Over the past 20 years or so, Texas waterfowlers have witnessed - and waterfowl managers have documented and wrestled with - some dramatic shifts and trends in abundance and distribution of the ducks and geese that each autumn pour down the Central Flyway to winter in the state. That perspective is strikingly underscored by results of Texas' 2018 Mid-winter Waterfowl Survey. That aerial population survey, conducted in early January each year and covering all of the state except for the waterfowl-poor Edwards Plateau and Trans-Pecos ecological regions, produced some sobering findings.
The Asian Waterbird Census (AWC) 2018 conducted in Kollam district by the WWF-India, a conservation organisation, with the support of Social Forestry wing of Kerala forests and wildlife department has found a drastic fall of around 40 per cent in the total count of birds. The AWC held in nine different bird rich sites accorded a count of 5,697 birds belonging to 61 species in place of the previous year’s count of 9,378 from 65 species. The number of migratory bird species has also fallen to 22 from last year’s 32.
Nature preservation group BirdLife Finland reports that domestic populations of the endangered common pochard have decreased massively in the past two decades. BirdLife's calculations show that Finnish populations of the common pochard (Aythya ferina) have fallen a staggering 80 percent in the past 20 years. The organisation hopes to help revive the species by naming it the year's top bird.In the early 1970s the Kokemäki river delta in Satakunta was bustling with some 250 pairs of pochards. Local calculations from a few years ago put the figure at just 30.
The Northern Pintail (Anas acuta) is a dabbling duck. Diet is mostly plant material, including seeds of grasses, sedges, pondweeds, and waste grain in fields. In summer its diet includes more animal matter, such as insects, crustaceans, mollusks, and sometimes tadpoles and small fish. It forages in shallow water by upending or by submerging its head and neck while swimming, looking for food in the underwater mud. It also forages by walking on land.The North American Breeding Bird Survey noted a cumulative decline of the Northern Pintail population of 72% between 1966 and 2012.
Chilika lake is a brackish water lagoon, spread over the Puri, Khurda and Ganjam districts of Odisha state on the east coast of India, at the mouth of the Daya River, flowing into the Bay of Bengal, covering an area of over 1,100 km2. It is the largest coastal lagoon in India. The number of migratory birds has declined by 53,729 in Odisha’s Chilika and Nalabana Bird Sanctuary this winter as compared to previous year, the annual bird census revealed.
The black-faced spoonbill (Platalea minor) has the most restricted distribution of all spoonbills, and it is the only one regarded as endangered. There remain only about 3,300 spoonbills, and the species spends the mating season on small islands along the west coast of the Korean Peninsula and in China’s Liaoning province, the WWF says. “With such a small global population, the black-faced spoonbill is inherently vulnerable to extinction,” it says.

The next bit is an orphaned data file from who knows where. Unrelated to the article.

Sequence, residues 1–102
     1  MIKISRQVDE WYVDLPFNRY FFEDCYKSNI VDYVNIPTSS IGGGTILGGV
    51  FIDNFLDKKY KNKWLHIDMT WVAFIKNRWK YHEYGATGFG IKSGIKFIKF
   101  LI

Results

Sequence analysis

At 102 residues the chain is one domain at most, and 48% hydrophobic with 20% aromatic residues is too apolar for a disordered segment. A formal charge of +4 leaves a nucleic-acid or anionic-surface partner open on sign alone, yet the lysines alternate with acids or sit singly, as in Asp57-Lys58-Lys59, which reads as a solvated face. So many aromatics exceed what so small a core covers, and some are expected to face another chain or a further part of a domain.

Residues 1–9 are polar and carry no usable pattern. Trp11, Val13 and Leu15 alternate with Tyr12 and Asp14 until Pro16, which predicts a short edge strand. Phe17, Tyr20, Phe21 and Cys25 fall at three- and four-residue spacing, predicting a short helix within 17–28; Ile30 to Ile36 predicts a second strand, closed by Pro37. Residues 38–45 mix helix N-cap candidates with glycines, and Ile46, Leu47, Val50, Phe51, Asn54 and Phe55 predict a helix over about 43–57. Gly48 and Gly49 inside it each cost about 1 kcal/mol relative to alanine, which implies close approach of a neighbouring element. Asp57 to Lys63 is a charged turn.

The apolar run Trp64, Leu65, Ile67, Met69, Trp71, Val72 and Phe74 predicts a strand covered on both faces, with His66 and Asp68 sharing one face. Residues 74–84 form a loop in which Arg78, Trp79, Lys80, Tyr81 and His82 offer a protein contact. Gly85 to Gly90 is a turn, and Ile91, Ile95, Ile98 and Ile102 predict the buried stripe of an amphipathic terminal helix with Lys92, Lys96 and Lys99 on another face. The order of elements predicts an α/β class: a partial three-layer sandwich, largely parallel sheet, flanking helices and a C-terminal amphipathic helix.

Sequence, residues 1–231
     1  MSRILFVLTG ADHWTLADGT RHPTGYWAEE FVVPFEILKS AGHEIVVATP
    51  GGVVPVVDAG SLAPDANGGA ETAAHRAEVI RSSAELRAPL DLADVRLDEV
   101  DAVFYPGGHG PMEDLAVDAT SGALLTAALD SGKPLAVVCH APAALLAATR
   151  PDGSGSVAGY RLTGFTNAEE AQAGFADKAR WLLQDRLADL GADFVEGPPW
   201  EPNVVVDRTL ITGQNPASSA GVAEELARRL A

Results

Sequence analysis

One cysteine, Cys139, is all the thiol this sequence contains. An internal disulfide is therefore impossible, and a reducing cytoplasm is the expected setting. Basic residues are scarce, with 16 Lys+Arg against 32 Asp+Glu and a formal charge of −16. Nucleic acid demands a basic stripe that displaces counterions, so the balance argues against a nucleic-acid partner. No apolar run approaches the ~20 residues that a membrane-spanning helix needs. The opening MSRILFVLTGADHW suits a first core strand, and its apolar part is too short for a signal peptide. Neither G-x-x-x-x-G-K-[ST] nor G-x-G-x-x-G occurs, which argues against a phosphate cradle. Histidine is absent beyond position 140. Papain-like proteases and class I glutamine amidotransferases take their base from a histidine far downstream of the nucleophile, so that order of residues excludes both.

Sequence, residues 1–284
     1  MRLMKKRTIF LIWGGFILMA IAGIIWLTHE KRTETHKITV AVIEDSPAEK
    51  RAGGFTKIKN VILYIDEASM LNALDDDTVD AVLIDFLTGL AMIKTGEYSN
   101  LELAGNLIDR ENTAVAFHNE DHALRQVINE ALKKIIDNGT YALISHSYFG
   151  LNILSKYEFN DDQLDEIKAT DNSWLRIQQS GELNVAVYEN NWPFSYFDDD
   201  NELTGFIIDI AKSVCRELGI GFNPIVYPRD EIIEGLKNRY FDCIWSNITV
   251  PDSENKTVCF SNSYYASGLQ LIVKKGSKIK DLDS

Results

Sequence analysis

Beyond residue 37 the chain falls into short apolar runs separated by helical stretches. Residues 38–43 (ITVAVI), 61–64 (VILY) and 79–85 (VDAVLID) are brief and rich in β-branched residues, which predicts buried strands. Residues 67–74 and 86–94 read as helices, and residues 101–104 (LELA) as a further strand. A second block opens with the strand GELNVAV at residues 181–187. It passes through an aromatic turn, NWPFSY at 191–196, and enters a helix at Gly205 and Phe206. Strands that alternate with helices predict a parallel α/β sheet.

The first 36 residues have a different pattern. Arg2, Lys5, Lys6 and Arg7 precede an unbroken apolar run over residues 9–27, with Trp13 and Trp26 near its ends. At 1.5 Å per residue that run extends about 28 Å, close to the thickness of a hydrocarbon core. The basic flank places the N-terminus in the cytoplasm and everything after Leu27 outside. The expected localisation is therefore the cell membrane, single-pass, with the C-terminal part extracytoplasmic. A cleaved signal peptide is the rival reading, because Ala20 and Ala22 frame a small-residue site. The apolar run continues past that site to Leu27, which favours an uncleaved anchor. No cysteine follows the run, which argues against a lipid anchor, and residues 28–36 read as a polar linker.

The Numeniini — a tribe of large waders including curlews and godwits — is one of the most threatened bird groups on the planet. The once-abundant Eskimo Curlew Numenius borealis of the Americas is now considered Critically Endangered (Possibly Extinct), having last been spotted with certainty in the 1960s. Like the Eskimo Curlew, the possibility of the extinction of the Slender-billed Curlew (Numenius tenuirostris) cannot be confirmed for sure until we have scoured the entirety of its known breeding grounds in the Siberian wilderness for a remnant population.
Argentina is the birthplace of tango, an iconic dance style dating back to the 1880s. Long before the first tango steps were taken, however, another dance was already in full swing across parts of Patagonia: the hypnotic grooves of the hooded grebe (Podiceps gallardoi). That dance is still going on today, as you can see in "Tango in the Wind," a new documentary about hooded grebes. Yet despite their impressive moves, the hooded grebes' dance is increasingly in danger of disappearing.
Results from long-term monitoring efforts show that Black Tern (Chlidonias niger) population declines in the Klamath Basin are higher than declines previously documented for continental and regional populations. Results from a 10 year study conducted by Klamath Bird Observatory show a steady, sharp decline in numbers of Black Terns in the wetlands and open waters of Agency Lake and Upper Klamath Lake. According to a Black Tern conservation plan created in 2006, the desired population objective within the Great Basin — which includes the Klamath Basin — is 10,000 individuals.